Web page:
These tiers are more commonly known as ‘Maslow’s Hierarchy of Needs.’

Are you thinking, ‘What are you banging on about, you muppet?’

Or, ‘Yeah, of course!’

You may be thinking it’s a cliched approach to human behaviour, or a bit of all or none of the above.

Or maybe that you just want a nice cup of tea and a biscuit.

Who knows. People are complex right?

You can use the Hierarchy of Needs to determine how easily a character might abandon their quest for their goal: letting go of a Tier 5 or 4 goal might be relatively tempting if all other needs are met. Letting go of a Tier 2 or 1 goal will bring physical danger, so is less likely to be an option.

The hierarchy of Needs is also a good way to show how balanced and rational your character is (or appears to be) – if they are hyper-focused on achieving a Tier 5 goal and don’t care about risking Tier 2 and Tier 1 objectives, they are putting themselves at risk for something that is essentially not needed (as perceived by others). This asks all sorts of questions that a writer can answer, and the reader will enjoy finding the answers to in the story.

The Hierarchy of Needs is a simple tool that can be used to nudge all sorts of complex questions.

No matter the type of story you’re telling, your characters’ motivations hold the power to make or break a reader’s interest.

Conflict means little without context. But when you allow readers to understand and empathise with your characters’ actions, you encourage the reader-character connection that keeps readers turning pages.

We’ll be looking at a variety of ways to understand a character’s motivation on our meeting of 23-03-23. The meeting will focus on character profiles (what info to capture), motivations and goals, and how knowing them can help you more easily write your story.

Meeting of 23-03-23 – Dedicated Meeting

Hi All,

We’ll be dedicating the next meeting (on 23-03-23) to looking at ‘character profiles.’

The development of the main characters is essentially what any story is about: whether it’s a novel, short story, or flash-fiction.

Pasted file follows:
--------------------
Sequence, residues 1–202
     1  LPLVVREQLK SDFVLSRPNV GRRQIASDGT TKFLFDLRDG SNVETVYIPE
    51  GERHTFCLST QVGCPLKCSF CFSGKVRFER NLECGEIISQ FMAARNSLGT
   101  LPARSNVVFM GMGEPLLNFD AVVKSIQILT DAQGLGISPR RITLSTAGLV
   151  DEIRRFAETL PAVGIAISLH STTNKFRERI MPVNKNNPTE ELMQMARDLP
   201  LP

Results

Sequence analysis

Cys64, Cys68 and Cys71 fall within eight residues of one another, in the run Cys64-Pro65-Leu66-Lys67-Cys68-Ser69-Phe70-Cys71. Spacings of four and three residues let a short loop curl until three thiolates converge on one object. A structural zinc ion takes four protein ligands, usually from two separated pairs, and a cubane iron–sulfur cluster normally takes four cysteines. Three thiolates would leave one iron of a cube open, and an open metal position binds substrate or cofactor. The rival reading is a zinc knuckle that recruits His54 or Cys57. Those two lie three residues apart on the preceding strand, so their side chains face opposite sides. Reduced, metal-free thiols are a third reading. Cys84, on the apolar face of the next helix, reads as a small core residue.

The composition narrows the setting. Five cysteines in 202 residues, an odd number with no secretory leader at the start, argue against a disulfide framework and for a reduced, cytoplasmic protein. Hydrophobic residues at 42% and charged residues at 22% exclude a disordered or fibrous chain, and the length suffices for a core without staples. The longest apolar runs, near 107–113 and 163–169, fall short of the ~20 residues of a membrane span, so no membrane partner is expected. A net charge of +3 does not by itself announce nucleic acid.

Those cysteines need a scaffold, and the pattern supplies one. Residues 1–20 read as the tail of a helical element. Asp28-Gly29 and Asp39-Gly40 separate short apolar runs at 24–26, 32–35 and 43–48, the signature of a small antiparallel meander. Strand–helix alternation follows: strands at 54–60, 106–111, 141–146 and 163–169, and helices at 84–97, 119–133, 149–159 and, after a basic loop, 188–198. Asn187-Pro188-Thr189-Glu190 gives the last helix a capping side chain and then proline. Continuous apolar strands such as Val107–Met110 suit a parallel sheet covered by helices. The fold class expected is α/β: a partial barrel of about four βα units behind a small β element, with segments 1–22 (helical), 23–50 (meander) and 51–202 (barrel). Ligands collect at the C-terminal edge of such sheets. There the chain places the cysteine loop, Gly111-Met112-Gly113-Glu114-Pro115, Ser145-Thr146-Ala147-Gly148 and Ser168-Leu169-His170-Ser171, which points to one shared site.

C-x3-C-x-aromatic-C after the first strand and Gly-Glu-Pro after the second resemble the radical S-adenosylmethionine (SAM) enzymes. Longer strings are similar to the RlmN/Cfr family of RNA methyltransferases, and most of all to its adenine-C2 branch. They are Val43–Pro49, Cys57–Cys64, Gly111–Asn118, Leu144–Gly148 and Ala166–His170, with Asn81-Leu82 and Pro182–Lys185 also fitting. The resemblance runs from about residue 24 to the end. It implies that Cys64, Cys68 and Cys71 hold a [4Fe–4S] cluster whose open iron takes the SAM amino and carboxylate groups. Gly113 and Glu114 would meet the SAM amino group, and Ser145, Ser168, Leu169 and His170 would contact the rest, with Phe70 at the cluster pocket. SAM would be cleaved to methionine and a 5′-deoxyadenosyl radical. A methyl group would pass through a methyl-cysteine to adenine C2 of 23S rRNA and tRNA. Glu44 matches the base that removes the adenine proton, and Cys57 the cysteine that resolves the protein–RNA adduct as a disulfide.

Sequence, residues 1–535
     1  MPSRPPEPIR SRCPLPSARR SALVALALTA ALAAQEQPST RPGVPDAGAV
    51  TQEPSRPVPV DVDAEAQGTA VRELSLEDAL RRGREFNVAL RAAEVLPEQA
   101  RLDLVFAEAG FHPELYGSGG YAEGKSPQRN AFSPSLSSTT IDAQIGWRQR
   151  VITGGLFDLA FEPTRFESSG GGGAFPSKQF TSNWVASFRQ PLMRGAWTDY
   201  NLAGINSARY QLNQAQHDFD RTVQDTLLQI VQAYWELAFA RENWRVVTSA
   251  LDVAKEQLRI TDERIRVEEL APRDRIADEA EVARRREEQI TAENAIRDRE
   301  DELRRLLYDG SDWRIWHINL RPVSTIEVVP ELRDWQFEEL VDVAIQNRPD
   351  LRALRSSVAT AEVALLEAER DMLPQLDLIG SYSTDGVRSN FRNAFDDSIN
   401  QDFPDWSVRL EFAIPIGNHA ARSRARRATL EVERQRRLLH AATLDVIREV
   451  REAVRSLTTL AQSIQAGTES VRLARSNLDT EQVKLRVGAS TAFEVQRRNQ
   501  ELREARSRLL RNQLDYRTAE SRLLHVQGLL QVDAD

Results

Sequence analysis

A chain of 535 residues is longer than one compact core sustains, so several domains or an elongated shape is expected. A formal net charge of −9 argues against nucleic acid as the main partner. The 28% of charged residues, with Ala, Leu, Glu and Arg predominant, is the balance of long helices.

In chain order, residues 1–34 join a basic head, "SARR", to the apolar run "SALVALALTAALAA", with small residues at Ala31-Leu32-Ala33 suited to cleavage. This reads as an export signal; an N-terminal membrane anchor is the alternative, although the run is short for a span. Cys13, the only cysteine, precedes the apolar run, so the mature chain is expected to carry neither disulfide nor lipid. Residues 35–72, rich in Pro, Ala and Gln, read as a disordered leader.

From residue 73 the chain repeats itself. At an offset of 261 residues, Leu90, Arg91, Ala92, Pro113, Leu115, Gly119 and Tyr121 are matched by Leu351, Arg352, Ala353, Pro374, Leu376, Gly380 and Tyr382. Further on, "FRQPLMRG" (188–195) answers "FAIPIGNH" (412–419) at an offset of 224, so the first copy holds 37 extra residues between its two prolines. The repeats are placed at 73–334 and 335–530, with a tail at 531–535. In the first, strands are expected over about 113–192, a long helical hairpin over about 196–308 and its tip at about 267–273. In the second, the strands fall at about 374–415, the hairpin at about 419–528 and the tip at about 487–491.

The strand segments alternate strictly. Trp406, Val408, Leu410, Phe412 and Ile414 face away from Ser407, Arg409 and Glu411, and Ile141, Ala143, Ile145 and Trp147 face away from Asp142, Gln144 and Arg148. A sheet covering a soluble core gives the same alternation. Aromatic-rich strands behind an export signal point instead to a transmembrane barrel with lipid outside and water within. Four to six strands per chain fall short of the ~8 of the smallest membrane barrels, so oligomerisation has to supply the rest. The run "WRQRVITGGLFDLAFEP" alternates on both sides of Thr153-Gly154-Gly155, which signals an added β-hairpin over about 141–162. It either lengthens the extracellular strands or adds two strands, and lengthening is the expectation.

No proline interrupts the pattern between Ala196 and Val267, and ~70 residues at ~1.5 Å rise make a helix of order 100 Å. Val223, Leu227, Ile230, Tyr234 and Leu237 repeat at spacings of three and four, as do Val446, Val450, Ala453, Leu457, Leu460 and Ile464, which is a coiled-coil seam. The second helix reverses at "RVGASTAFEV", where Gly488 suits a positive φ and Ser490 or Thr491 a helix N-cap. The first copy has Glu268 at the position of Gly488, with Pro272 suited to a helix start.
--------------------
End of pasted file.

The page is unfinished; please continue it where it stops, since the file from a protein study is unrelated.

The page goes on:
A lot of writers struggle to recognise and accept this.

Readers respond to the journeys of characters.

Readers get attached to characters and enter the world of the story through the character’s experiences. The characters are the filter through which the readers experience the world.

A lot of writers struggle to recognise and accept this too.

(Why writers struggle to accept the key importance of characters is a whole nother session!)

For the purposes of this session, we are going to accept the fact that characters are the heart and soul of a story.

(This is true for both planners and pantsters, and we are all a mixture of both, but again… we’ll save that for another session…)

What the characters want should be defining the story.

How they change on their journey to get what they want needs to be explored in the story.

Knowing who they are and why they want what they do, makes it much easier to write the story.

Defining the characters and grounding them in the story allows them to grow.

Without a clear understanding of who the characters are and what they want, a lot of time is wasted finding out while writing the first few drafts.

(We have talked about ‘Character Archetypes’ in another session, and understanding their archetype can also play an important role in grounding them in the story. As we have so many new members now, it might be worth revisiting the ‘Character Archetypes’ session?)

Questions you should be asking yourself about characters in your writing:

Are they convincing?

Do they have depth?

How do I make sure they have a ‘character arc?’

Character profiles can help you address these first two questions.

Unless you know what they want and why they want it (in the story), you will struggle to answer the third question.

(A character arc is the path a character takes over the course of a story.

A character’s arc involves adversity and challenges, as well as some internal changes to the character, and ultimately leads to resolution.

Most protagonist character arcs start with the inciting incident that sets up the stakes and central conflict facing the character. The way the arc progresses from there, depends on what sort of story you are telling and how the character functions.)

What is a character profile?

A character profile is a detailed biography of a fictional character that covers everything from a character’s age and appearance, to their psychological make-up and relationships.

By answering the questions in the character profile, an author can better understand that character’s life, personality, motivations, and story function in their writing.

What’s the point of filling out a character template if I’m never going to use most of the information in my story?

You shouldn’t try to pack every character detail into your story. Only use what’s relevant to the actual story.

What makes a good character profile?

A good character profile is one that helps you build a holistic picture of your character in the context of your story.

In that sense, ‘good’ is relative to what you need for the story.

Having detail on the profile that you will not use is fine, as long as it adds to the character in a way that helps you write them.

Every writer will be different in what they need.

What do you need to know about your characters before you start writing them?